The Innovator's DNA: Mastering the Five Skills of Disruptive Innovators
Clayton M. Christensen
Format: PDF / Kindle (mobi) / ePub
In The Innovator’s DNA, authors Jeffrey Dyer, Hal Gregersen, and bestselling author Clayton Christensen (The Innovator’s Dilemma, The Innovator’s Solution, How Will You Measure Your Life?) build on what we know about disruptive innovation to show how individuals can develop the skills necessary to move progressively from idea to impact.
By identifying behaviors of the world’s best innovators—from leaders at Amazon and Apple to those at Google, Skype, and Virgin Group—the authors outline five discovery skills that distinguish innovative entrepreneurs and executives from ordinary managers: Associating, Questioning, Observing, Networking, and Experimenting.
Once you master these competencies (the authors provide a self-assessment for rating your own innovator’s DNA), the authors explain how to generate ideas, collaborate to implement them, and build innovation skills throughout the organization to result in a competitive edge. This innovation advantage will translate into a premium in your company’s stock price—an innovation premium—which is possible only by building the code for innovation right into your organization’s people, processes, and guiding philosophies.
Practical and provocative, The Innovator’s DNA is an essential resource for individuals and teams who want to strengthen their innovative prowess.
alarm goes off. Adapt Use the wristwatch as a reflective mirror when lost. Magnify, minimize, modify Make the wristwatch face large enough to be a cup holder. Put to other uses Frame the watch as a work of art. Eliminate Remove the internal workings of the watch and replace them with a sundial. Reverse, rearrange Change the watch hands to go counterclockwise. Put the watch face on the inside of the wristband to make the back of the watch the focal point in terms of design and fashion.
9:58 AM Page 73 73 Questioning Group (BIG) (a company that finds new product ideas through an inventor network and then launches them), shared an example of how inventors hunt down the real job to be done by understanding better what is really going on in their world. One inventor had pitched a fifteen-minute card game to Collins and his team for potential development and distribution by BIG. Collins felt that the game, as presented by the inventor, wouldn’t crack a tough familygaming market.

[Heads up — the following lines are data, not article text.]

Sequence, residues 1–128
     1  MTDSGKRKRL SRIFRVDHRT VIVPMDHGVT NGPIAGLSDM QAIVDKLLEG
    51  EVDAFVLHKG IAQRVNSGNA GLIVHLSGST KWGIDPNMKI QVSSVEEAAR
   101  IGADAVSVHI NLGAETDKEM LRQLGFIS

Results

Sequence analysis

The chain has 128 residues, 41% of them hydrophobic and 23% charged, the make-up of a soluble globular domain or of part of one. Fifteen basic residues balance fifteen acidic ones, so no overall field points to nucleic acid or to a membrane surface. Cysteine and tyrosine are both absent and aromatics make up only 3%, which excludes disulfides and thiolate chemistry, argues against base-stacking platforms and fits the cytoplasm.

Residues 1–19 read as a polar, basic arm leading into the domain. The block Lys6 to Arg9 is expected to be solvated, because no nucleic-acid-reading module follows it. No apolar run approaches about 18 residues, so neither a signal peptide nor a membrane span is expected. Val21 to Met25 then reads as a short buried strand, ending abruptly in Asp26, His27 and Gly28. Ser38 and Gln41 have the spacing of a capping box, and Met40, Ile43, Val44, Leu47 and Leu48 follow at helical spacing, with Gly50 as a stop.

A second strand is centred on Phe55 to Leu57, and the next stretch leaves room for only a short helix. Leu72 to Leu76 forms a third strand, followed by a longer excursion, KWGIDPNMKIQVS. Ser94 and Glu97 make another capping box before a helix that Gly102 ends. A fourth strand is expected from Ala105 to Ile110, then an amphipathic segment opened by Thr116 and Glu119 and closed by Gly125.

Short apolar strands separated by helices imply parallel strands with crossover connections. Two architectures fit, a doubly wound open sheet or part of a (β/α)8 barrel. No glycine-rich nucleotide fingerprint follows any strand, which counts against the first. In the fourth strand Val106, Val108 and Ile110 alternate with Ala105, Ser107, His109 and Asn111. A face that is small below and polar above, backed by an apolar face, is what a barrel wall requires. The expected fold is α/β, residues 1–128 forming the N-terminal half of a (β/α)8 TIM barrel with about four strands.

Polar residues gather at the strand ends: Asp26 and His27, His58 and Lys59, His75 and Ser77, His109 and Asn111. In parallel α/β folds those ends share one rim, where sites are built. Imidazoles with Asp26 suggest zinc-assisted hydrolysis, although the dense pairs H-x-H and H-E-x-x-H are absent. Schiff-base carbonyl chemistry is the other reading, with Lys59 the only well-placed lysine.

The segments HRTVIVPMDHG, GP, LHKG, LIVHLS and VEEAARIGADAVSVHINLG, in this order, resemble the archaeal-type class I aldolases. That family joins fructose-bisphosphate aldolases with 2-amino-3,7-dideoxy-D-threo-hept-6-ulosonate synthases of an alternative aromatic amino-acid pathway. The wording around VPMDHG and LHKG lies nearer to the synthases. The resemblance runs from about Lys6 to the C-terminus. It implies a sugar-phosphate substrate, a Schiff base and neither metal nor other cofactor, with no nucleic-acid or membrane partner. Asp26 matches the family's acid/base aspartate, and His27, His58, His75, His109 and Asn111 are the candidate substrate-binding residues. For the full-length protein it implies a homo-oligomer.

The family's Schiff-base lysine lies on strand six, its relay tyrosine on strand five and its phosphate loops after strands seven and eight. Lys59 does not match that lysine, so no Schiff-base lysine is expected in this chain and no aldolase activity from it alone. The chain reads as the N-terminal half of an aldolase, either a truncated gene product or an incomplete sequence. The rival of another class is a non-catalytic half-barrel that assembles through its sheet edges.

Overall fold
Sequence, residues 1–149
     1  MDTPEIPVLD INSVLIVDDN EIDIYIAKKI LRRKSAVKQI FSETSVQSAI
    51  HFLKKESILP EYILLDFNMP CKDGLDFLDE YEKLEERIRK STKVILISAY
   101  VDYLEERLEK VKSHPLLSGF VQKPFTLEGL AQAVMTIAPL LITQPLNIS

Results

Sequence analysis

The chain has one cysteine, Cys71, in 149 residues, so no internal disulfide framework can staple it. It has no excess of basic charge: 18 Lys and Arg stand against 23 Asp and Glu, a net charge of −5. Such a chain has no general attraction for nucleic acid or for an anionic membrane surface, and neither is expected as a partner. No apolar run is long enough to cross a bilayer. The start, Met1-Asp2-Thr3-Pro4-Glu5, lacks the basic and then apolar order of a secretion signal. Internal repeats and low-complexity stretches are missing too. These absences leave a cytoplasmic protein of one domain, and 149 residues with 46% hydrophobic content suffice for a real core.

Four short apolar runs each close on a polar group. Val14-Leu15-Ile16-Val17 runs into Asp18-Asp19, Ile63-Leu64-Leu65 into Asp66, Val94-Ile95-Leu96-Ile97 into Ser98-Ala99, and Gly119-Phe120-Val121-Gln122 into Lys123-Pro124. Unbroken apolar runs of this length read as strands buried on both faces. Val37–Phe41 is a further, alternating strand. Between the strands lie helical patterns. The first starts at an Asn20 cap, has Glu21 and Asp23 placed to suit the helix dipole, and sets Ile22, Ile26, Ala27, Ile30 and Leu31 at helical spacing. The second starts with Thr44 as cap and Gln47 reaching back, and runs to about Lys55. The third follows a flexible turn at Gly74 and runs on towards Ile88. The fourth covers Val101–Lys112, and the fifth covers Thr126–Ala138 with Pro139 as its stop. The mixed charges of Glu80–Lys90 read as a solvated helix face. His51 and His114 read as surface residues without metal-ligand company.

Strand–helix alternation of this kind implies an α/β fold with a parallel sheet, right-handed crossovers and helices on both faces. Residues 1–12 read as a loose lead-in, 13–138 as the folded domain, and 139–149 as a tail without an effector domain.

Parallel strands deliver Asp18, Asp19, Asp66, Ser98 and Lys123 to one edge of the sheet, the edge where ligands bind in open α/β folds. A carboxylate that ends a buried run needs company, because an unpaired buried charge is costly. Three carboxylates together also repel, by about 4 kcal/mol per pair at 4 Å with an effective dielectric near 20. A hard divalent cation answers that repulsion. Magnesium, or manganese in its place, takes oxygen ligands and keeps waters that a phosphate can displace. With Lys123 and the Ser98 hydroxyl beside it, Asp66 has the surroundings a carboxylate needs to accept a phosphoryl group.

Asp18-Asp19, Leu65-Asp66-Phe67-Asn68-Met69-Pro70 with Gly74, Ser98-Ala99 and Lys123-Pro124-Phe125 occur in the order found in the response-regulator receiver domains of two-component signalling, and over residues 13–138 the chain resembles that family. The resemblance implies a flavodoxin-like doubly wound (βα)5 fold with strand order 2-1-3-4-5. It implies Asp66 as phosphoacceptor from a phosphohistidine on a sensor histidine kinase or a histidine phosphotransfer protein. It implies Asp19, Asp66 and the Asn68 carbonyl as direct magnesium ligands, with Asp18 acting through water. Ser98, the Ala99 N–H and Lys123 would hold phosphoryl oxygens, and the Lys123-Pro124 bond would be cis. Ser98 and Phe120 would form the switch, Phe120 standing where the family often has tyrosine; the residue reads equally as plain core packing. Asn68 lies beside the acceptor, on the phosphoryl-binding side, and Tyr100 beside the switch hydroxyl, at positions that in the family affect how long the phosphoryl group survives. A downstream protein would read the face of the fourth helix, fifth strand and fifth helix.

end, reveal potentially disruptive solutions to difficult problems. Tips for Developing Questioning Skills Innovators not only ask provocative questions, but constantly work at asking better ones. For example, Michael Dell says that if he had a favorite question to ask, everyone would anticipate it, which wouldn’t make it very good. “Instead, I like to ask people things that they don’t think that I’m going to ask them,” he told us. “I kind of delight in coming up with questions that nobody has
interesting observations that led to a very different way to sell cars in the villages. First, the team observed that people did their major shopping on Sundays at farmers’ markets or flea markets. There were no permanent scooter or car dealerships. Scooter dealers arrived in a big truck filled with scooters and just stuck them in rows on their allocated piece of ground at the market. People would buy a scooter, get a license, learn how to operate it, and then drive it home that same day. So the
by understanding and explaining the anomaly. For example, in research on the impacts of technological innovation on the fortunes of ﬁrms, early studies concluded that established ﬁrms, on average, do well when faced with incremental innovation, but stumble when confronted with radical change. But there were anomalies to this general 100092 04 089-112 r1 go.qxp 5/13/11 9:59 AM Page 103 103 Observing conclusion. Some established ﬁrms successfully implemented radical technology change. To